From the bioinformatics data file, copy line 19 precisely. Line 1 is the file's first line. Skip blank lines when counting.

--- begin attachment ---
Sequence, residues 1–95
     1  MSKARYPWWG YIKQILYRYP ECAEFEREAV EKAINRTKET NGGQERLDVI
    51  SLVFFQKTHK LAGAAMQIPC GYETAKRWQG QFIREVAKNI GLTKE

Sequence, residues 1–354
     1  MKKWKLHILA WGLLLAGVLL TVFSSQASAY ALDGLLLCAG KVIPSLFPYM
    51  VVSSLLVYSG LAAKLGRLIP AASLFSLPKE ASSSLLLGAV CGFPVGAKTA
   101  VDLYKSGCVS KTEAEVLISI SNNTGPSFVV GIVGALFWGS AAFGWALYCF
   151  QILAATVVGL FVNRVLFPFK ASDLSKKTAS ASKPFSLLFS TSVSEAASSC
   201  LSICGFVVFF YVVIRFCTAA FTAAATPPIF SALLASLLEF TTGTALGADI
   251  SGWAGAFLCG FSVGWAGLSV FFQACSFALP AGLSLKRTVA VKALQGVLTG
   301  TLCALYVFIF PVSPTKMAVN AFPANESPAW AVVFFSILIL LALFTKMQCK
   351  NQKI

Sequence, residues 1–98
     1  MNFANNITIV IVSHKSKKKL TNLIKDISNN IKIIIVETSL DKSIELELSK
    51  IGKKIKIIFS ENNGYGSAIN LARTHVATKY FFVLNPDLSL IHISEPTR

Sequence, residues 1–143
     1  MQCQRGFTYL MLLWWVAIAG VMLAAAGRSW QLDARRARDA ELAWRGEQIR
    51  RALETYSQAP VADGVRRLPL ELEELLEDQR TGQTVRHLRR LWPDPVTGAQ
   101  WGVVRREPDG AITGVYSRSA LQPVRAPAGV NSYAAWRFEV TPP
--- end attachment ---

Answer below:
   101  WGVVRREPDG AITGVYSRSA LQPVRAPAGV NSYAAWRFEV TPP